6/22/2013 4:04:00 PM Red Tee Report: Hole-by-hole handicapping and match play
Oakcreek Country Club got new scorecards in March, and if you're into match play, you pay attention to the bottom line, the one called "LADIES' HCP." This stroke allocation was updated to reflect changes in the course over recent years.
One of the most misunderstood aspects of the handicapping system is the assignment of the handicap stroke holes.
How often have you heard a golfer refer to the No. 1 stroke hole as the "hardest" hole? Truth is . . . If you asked individuals to identify the hardest hole on the course, you'd probably get 18 answers.
It's not about difficulty, it's about statistics.
The purpose is to identify holes where a high handicapper most needs a stroke in order to tie the low handicapper golfer in match play.
This is accomplished by dividing golfers into two groups, according to handicap, and collecting 200 scorecards from each group. The holes with the greatest "need" showed up with the largest gaps in scoring averages between high and low handicappers.
Consider OCC's 6th hole, with all sorts of nonsense along the way and around the green. It can be a tough par for any golfer. The high handicapper may not be able to reach the green in regulation, but she can get there in three and two-putt for a bogey. It's a hard enough hole, but not one where she most needs a stroke in order to tie.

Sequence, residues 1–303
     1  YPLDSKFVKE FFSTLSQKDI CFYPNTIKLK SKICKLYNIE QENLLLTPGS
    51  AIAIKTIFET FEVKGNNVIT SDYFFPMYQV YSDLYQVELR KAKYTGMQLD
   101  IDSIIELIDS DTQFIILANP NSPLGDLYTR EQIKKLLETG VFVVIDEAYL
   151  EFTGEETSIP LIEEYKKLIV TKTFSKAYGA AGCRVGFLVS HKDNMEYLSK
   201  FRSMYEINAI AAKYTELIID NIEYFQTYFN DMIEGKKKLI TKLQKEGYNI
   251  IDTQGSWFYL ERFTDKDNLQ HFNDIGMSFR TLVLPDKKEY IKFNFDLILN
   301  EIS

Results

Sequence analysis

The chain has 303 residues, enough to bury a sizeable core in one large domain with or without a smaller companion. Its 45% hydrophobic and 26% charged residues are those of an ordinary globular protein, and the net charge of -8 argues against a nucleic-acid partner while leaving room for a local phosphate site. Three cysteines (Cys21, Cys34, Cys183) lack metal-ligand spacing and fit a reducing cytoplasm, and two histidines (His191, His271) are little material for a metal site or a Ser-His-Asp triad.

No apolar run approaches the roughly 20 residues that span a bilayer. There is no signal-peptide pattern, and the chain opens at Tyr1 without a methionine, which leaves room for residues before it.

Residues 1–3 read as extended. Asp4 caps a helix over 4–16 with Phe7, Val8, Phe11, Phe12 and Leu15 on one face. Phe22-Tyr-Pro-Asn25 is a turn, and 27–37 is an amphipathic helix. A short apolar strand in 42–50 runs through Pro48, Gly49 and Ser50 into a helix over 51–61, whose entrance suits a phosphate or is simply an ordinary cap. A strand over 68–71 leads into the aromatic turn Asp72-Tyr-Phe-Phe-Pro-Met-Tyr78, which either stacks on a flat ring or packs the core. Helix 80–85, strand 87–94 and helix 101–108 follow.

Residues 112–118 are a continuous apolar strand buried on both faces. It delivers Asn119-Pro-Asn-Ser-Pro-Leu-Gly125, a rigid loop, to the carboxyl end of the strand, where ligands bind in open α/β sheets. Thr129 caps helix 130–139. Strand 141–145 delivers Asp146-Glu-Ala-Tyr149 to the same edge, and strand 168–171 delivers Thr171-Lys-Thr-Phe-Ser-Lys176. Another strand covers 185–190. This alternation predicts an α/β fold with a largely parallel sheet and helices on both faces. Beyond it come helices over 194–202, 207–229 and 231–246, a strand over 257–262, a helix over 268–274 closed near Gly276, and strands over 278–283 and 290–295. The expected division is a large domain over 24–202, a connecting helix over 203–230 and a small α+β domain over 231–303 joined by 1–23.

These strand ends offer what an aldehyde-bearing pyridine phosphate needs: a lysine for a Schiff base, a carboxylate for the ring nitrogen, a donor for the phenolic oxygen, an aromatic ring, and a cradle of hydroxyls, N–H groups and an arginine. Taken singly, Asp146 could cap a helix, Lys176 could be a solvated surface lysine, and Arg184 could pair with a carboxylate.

That award went to the 15th hole. So why isn't it HCP 1 on your scorecard? Because odd numbers are assigned to the front nine and even numbers to the back. So Hole 15 gets HCP 2, or the lowest number on the back nine. Compared to Hole 6, is Hole 15 a "hard" hole?
OCCWGA Match Play for 2013 had two flights, a decision that is made to further reduce the gap between competing golfers. The handicap system is a great equalizer, but this levels the field a little more. Congratulations to the two winners, Allene Richlie and Allene Mueller, and runners-up Margi Honea and Barbara Gordon. Well played!